Data breaches – they’re frustrating, expensive, and can ruin a business financially. No business wants to experience a data breach, especially smaller businesses that may not have the funds to recover from one. On top of cost, data breaches can cause a reduction in sales and possibly ruin the reputation of a small business due to the legal issues.

 

What are the best practices a small business can follow in order to prevent a data breach?

 

Use Strong Passwords

Creating a unique and secure password is essential to prevent hackers from getting into an account. Make sure passwords contains a random assortment of letters, numbers, and characters. It’s also a good idea to update passwords every 90 days and change them completely.

 

Using two-factor authentication with passwords can provide additional protection against hackers. Two-factor authentication involves a password as well as second form of authorization, such as voice recognition, a fingerprint, or a pin code. This is especially beneficial for small businesses that use multiple devices, such as tablets or laptops.

 

Apply Encryption and Tokenization

In today’s world, it is essential to safeguard all credit card data from potential threats. That’s why applying tokenization and encryption are the perfect tools for protecting credit card transactions. Both encryption and tokenization provide an extra level of security for small businesses by reducing risk and liability associated with a payment transaction.

 

These technologies encrypt credit card data once swiped so that is unreadable to data hacks and fraud. Data is then tokenized so that the information is only accessible via a secure token. If a hacker were to obtain this data, it would be useless since hackers would not be able to decipher the unique coding used to process the transaction.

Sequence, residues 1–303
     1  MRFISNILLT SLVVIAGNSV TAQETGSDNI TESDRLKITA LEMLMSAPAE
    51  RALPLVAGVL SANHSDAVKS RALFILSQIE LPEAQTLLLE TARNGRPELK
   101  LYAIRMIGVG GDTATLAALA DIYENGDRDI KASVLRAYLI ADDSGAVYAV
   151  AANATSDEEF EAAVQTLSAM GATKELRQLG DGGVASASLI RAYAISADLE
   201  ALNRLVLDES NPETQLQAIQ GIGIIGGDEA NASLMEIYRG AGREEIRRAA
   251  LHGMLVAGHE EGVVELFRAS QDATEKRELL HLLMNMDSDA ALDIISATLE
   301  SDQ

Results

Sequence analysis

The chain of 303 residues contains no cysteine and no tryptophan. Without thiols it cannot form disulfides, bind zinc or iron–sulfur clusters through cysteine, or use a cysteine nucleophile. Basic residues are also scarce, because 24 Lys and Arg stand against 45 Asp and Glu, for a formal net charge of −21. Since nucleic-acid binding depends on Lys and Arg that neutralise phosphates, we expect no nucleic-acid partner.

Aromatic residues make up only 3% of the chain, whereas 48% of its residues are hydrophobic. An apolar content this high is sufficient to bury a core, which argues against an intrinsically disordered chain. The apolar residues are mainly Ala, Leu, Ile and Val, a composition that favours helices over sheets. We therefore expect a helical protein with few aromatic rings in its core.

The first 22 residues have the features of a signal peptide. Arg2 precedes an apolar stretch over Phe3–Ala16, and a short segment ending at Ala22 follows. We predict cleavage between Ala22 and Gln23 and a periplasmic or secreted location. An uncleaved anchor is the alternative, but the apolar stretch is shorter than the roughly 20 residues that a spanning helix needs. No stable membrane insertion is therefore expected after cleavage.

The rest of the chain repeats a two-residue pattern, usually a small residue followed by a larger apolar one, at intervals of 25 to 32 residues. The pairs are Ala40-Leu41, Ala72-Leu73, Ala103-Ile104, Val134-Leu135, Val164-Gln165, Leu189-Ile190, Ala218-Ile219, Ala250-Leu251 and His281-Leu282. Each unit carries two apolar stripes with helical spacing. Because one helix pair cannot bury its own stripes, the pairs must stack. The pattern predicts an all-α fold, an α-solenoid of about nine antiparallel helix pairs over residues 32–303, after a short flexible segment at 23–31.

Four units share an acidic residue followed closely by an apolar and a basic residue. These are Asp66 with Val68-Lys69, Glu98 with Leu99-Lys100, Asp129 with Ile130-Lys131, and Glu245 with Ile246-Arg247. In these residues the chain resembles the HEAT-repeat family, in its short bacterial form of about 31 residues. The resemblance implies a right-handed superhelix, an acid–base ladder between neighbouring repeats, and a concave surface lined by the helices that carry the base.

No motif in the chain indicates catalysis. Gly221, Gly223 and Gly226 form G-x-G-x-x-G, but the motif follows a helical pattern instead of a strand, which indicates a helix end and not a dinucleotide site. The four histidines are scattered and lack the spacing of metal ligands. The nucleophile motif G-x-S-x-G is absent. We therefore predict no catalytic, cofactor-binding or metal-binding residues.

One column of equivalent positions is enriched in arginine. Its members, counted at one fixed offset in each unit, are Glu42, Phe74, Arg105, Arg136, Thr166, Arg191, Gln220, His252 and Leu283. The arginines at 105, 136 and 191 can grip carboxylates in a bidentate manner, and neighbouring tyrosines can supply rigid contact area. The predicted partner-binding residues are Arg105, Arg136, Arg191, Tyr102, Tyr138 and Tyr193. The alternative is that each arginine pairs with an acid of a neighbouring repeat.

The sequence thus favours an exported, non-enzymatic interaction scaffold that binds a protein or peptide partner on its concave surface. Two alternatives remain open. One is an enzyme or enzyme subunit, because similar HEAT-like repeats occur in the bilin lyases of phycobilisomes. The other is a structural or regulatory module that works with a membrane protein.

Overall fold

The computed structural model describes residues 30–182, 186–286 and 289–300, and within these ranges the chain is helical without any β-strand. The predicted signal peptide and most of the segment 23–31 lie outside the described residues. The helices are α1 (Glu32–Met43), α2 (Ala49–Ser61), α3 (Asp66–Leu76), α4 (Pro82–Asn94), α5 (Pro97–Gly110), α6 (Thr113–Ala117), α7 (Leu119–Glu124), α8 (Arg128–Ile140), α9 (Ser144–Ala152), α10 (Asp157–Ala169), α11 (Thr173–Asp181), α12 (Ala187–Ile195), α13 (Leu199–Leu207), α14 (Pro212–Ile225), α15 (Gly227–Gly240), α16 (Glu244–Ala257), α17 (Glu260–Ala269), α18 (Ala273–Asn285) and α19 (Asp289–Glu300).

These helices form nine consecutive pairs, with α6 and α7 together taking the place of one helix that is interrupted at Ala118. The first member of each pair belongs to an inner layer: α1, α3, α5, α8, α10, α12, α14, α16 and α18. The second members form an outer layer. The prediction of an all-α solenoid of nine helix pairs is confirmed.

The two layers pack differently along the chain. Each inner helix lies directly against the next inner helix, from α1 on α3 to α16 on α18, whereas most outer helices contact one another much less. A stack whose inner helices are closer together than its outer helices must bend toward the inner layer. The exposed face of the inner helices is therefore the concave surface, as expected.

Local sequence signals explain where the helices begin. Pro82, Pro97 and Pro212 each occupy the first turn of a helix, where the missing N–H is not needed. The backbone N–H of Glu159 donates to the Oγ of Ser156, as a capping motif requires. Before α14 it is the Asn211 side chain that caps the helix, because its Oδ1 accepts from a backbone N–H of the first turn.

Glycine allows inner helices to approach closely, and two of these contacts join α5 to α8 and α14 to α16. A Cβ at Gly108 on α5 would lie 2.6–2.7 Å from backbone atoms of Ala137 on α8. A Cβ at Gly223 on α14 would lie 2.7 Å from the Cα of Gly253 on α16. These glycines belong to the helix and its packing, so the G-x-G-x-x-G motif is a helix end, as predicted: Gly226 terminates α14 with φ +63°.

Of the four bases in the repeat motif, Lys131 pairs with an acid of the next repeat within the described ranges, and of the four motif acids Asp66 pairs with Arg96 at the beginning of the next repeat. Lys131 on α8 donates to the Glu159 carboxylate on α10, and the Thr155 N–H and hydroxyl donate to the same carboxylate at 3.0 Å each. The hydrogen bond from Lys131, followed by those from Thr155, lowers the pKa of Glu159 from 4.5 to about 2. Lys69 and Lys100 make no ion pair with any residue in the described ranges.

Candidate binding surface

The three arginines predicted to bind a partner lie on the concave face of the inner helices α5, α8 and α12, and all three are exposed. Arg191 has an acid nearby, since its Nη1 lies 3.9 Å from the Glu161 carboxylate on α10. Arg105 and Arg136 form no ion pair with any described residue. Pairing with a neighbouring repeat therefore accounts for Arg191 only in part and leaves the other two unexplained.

Restrict Stored Personal Data

When collecting information from consumers, less is better. Storing too much private data could not only harm a small business in event of a data breach but also the consumer. Social security numbers, e-mail address passwords, and bank routing numbers are all examples of personal data that typically are not needed and should be avoided from collecting.

 

It’s also important to safely dispose of any information that is written down, such as credit card information. Be sure to always shred personal data documents and do not leave paper or information left out for anyone to find and use for damaging purposes.

 

Partner with a Payment Processor

The costs associated with a data breach for a small business can be significant – sometimes estimating to be thousands of dollars in fines. To help mitigate the risks associated with a breach, small businesses should partner with a payment processor who can provide advanced security solutions to protect their business.

 

To start, small businesses should partner with a payment processor that specifically services small to mid-sized businesses. A payment processor who works with small to mid-sized businesses will have a better understanding of their needs and can provide affordable security solutions that best fit within their budget.

 

With data breaches continuing to be a major concern in the payments industry, small businesses should take precautions and action to protect against instances of fraud. By using strong password authentication, applying encryption and tokenization for transactions, limiting the amount of personal data that is stored, and partnering with a payment processor, small businesses can be well on their way to a future of safer payments.